B) If your child will qualify for need-based aid, and you have an idea of what that aid package is, or may look like (e.g. meeting 100% of the student’s need with grants only, a common aid policy at the many of the most selective colleges), then you have to weigh the tax and retirement benefits against the loss in need-based aid, because if you do a conversion, about 47% the after-tax conversion income will count against your child’s aid eligibility. The bottom line in this situation is that if you convert to a Roth, you will lose real aid money.
However, if the aid package is small, or mostly federal student loans, the Roth conversion may be the way to go because the aid package isn’t very favorable to begin with. Just keep in mind, you cannot borrow for retirement, but your child can borrow for college. Of course, you don’t want to saddle your kids with excessive debt either.
Tip: Use your non-qualified assets to pay the tax on the conversion income, which Roth experts say is the most effective way to do a Roth conversion because it leaves all of the converted assets in the Roth account to grow tax-free for retirement. What’s more, by reducing your non-qualified assets, which will also count against your aid eligibility, you will be able to accomplish the best Roth conversion tactic while simultaneously minimizing the conversion’s impact on college aid eligibility. In the aid formulas, the after-tax conversion income will definitely count more heavily (up to 47-50%) against aid eligibility than your reportable non-qualified assets will (up to 5.64%), but the reduction in reportable assets will lessen the impact on aid eligibility.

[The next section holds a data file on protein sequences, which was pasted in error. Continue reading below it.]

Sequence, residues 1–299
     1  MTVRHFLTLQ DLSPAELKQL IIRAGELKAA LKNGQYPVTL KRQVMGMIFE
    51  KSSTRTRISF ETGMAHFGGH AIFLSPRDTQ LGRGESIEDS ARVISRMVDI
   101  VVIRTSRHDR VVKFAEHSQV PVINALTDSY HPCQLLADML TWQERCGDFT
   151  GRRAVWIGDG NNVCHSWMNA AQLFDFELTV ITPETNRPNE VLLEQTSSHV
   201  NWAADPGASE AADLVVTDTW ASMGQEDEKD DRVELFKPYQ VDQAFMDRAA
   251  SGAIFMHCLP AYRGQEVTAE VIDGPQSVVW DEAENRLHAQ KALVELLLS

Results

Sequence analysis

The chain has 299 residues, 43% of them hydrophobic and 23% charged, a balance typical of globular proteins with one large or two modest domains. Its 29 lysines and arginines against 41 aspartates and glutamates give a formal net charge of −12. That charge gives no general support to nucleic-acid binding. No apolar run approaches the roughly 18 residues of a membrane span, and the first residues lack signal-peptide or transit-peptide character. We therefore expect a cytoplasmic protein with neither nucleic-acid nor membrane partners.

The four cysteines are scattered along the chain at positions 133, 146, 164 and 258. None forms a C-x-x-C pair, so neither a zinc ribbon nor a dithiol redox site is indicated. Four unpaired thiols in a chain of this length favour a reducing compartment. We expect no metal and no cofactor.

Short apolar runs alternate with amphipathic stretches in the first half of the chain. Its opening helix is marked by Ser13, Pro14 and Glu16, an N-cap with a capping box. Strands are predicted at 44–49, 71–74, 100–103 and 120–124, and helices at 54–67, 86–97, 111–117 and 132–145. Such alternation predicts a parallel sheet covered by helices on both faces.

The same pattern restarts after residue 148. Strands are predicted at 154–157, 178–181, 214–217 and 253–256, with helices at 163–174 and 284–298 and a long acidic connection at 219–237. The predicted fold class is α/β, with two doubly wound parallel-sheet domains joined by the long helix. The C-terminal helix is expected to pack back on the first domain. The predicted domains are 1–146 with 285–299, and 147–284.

Tip: Wait until the child’s junior year of college, in the second semester (i.e. January; of the new tax year), then convert your IRA to a Roth IRA and the resulting conversion income will NOT show up for aid purposes because you will be completing the aid forms for the student’s senior year using the previous year’s income tax information. Once you have completed the aid forms for your youngest child’s final year of undergraduate education, you basically have a green light to make financial moves without worrying about impacting aid eligibility. This is when the sprint to retirement typically begins in earnest; you’re through jogging in place. It’s time to get the horsepower to the pavement, and rev up those retirement accounts.
Scenario # 2 Your Child Is A Few Years Away From Entering College
Tip: Make the conversion before the income will be counted on the aid forms. Then if you want to, you may always withdraw the basis in the Roth to help pay for college without any tax or penalty, and leave the taxable earnings in the account to grow tax free for retirement. Once again, if you can use non-qualified assets like savings, money market or investments to pay the tax on the conversion income, this is the most effective way to do a Roth conversion, and will also lower the assets you have to report on the college aid forms when the time comes.
Turbo Charging Your Roth Conversion With Tax Savings And Financial Aid
If you follow these guidelines, and implement the tips that apply to your situation, it may save you a substantial amount of money on college costs and taxes. You can turbo charge your wily Roth conversion strategy by taking those reductions in cost and saving them in a new or existing Roth IRA account.